This one is brief and simple. I have six routers going right now (and a ridiculously long article still in draft explaining why), all running OpenWRT. I had them set to save logs to local thumb drives, which, frankly, was a pain in the butt. I concluded that I wanted them all logging to a single remote system for simplicity – the old EEE PC netbook that I use as a network terminal for basic maintenance. It has a good old fashioned spinning disk hard drive, and won’t suffer from a ton of log writes like the thumb drives (or heavens forbid the internal storage) on the routers would.

After going through several tutorials that were either a bit complicated or a bit incomplete for my specific use, it turned out to be obnoxiously simple to implement. I could’ve gotten it all done in under half an hour if I’d already known exactly what I was doing, and most of that time was repetitively ssh-ing into six different routers.

That said, here it is: quick, dirty, with no missing or extra steps!

Set up your log server first

My logserver is running Debian Buster, which already came with rsyslog configured with very sensible basic settings (logging to file in /var/log/, and rotation already set up). All I had to do was enable listening on TCP or UDP 514 (I’ve opened both but am using TCP), then set up some very basic filtering to sort the remote messages the way I wanted.

All changes can be accomplished quickly in /etc/rsyslog.conf. Starting at the top, we uncomment the lines that start the server listening:

# provides UDP syslog reception
module(load="imudp")
input(type="imudp" port="514")

# provides TCP syslog reception
module(load="imtcp")
input(type="imtcp" port="514")

# List of sub networks authorized to connect :
$AllowedSender UDP, 127.0.0.1, 192.168.0.0/16
$AllowedSender TCP, 127.0.0.1, 192.168.0.0/16

The last group there was added based on the recommendations of a tutorial, and restricts senders to localhost and my local network (I have hosts on five subnets, most people could be using 192.168.1.0/24 or whichever single subnet they’ve configured).

Next, near the bottom of the file, you need to decide how you want your messages stored. If you don’t change anything, they’ll be mixed into your other logs from your localhost. You can do a lot of more complicated things, but I wanted one subdirectory per remote host, with all messages in a single syslog.log. Here’s how you get that, in the rules section and above your rules for normal localhost messages:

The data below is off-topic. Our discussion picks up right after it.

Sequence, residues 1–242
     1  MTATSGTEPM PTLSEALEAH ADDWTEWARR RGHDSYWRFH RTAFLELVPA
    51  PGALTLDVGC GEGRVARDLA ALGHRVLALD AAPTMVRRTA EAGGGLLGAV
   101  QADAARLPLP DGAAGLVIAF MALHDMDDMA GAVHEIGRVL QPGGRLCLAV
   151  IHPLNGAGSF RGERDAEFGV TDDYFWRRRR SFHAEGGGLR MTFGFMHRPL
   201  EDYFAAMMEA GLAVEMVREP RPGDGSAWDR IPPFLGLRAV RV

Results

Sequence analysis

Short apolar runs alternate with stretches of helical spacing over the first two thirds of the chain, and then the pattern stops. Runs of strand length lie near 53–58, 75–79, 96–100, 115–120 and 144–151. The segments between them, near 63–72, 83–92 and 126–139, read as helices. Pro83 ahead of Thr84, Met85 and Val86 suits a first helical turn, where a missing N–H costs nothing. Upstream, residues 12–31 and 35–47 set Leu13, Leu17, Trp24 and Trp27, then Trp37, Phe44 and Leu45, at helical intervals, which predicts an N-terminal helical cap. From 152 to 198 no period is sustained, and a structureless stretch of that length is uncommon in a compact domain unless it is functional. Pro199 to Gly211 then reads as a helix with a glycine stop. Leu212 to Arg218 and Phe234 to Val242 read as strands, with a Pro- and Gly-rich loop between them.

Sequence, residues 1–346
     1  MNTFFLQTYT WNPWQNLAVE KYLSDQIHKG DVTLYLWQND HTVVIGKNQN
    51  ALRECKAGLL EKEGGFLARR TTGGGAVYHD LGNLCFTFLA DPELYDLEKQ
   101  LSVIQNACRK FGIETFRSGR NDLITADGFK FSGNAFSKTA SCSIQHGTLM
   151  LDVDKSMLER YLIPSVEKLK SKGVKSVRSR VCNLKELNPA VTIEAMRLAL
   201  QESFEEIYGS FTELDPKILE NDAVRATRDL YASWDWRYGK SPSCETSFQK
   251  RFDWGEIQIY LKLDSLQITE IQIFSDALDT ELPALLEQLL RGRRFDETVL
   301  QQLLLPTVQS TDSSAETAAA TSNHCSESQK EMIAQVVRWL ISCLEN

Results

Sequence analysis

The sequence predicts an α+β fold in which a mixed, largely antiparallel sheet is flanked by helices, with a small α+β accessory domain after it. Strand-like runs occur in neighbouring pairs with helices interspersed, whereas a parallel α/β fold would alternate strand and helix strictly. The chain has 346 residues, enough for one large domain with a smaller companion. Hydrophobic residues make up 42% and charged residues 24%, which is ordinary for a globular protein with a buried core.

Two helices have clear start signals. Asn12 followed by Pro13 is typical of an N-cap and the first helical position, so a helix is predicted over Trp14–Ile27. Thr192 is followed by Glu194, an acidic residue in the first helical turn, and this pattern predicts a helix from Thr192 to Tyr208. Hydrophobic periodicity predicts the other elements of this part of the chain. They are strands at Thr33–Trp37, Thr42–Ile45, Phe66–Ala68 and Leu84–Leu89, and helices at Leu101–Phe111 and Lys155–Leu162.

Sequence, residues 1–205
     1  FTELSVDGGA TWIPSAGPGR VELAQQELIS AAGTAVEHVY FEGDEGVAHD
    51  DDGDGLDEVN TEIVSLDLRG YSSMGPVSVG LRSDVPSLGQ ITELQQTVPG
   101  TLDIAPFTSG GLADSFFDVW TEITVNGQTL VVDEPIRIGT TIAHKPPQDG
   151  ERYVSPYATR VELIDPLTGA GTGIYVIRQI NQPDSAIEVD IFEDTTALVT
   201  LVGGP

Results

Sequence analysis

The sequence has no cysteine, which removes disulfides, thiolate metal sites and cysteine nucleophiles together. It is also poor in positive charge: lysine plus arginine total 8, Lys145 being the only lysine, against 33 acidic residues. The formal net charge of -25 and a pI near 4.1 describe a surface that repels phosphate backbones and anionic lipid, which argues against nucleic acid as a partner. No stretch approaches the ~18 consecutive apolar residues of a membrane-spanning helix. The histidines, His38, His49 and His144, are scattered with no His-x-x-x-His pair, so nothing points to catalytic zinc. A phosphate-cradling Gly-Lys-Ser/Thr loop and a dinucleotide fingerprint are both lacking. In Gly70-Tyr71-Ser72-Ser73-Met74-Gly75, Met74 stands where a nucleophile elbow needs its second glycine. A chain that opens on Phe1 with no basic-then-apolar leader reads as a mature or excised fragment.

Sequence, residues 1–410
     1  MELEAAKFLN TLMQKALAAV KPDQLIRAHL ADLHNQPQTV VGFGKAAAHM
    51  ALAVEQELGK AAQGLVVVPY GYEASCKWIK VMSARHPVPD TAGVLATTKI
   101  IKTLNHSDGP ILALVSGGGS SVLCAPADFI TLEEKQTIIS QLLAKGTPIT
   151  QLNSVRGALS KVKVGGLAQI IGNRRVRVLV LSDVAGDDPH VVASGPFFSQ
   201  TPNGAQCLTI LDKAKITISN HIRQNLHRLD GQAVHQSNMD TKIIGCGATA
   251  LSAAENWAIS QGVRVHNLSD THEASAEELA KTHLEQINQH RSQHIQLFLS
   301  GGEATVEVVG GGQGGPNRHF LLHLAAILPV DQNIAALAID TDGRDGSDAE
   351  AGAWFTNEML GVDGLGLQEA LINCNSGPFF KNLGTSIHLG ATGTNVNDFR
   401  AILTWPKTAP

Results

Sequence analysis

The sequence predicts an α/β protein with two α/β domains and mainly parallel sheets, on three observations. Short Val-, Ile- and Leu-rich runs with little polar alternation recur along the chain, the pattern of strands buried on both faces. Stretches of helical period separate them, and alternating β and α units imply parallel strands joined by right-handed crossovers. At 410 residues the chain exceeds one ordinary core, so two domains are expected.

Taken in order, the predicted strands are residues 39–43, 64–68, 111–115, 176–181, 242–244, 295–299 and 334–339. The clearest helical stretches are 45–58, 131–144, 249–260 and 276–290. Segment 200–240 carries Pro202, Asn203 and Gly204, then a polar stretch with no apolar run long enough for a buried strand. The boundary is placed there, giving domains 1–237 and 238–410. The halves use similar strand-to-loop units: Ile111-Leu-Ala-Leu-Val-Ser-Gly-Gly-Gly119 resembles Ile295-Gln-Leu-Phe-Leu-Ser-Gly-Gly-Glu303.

###############
#### RULES ####
###############

#
# ADDED BY CHUCK
# Redirect all messages received from the network to subfolders first
# From example on stackexchange saved in notes.
#

$template uzzellnet,"/var/log/%HOSTNAME%/syslog.log"

if $fromhost-ip startswith "192.168." then -?uzzellnet
& stop

The template can be named anything. This test checks all log messages to see if they are from remote hosts in my local net – if so, it sends them all to a single file based on the remote hostname. The template statement must be before the test, and “& stop” tells it that any logs meeting this test should not be further processed below with localhost messages.

Obviously your log server will need a static IP to do this job. If you haven’t set one already, you can either set it manually from the server, or (my recommendation) just configure your DHCP router to automatically provision that machine with a static IP.

That’s it for configuring the server! It really is that simple. Just restart rsyslog on your server:

chuck@raul:/etc$ sudo systemctl restart rsyslog

Now, set up each remote OpenWRT host

All settings for logging are stored in /etc/config/system. By default, everything is logged to a ring buffer in memory, and lost on reboot. Not useful if something happens that causes a lockup, etc., but it is awfully handy to read from the command line when you’re already logged in via ssh, so we want to keep that functionality – messages should both be stored in the ring buffer and sent to the remote server.

In /etc/config/system, add or change the following three lines (using the static IP address you’ve provisioned for your log server):

        option log_ip '192.168.1.209'
        option log_port '514'
        option log_proto 'tcp'

You can leave it the default UDP if you prefer – there’s less network overhead, but most of us aren’t really hurting for network capacity. TCP is generally worth it for logging unless you really don’t care if you miss the occasional message.

Now, just restart your logs so the new settings are picked up:

/etc/init.d/log restart
/etc/init.d/system restart

Next, log a test message. It can say anything. This was the one from the last of my six routers to configure, a test machine I’m still setting up to replace one of my production routers soon:

root@FASTer2:~# logger "First test message from Faster2!"

That should produce a log line both locally and remotely. Check the ring buffer:

root@FASTer2:~# logread
Thu Dec 17 20:22:07 2020 daemon.info logread[424]: Logread connected to 192.168.1.209:514
Thu Dec 17 20:22:21 2020 user.notice root: First test message from Faster2!

Now, on your log server, you should see a new directory for your host created in your log folder (probably /var/log/ if you’re using Debian defaults). We said in rsyslog.conf earlier that the file should be in that subfolder and named syslog.log, so let’s test receipt:

chuck@raul:~$ sudo cat /var/log/FASTer2/syslog.log
[sudo] password for chuck:
Dec 17 20:22:07 FASTer2 logread[424]: Logread connected to 192.168.1.209:514
Dec 17 20:22:21 FASTer2 root: First test message from Faster2!

That’s it! We’re all set to go. You can obviously get way more elaborate than this, but a simple 1:1 replacement of OpenWRT’s default ring buffer with a neatly sorted single log file will probably cover most users’ needs.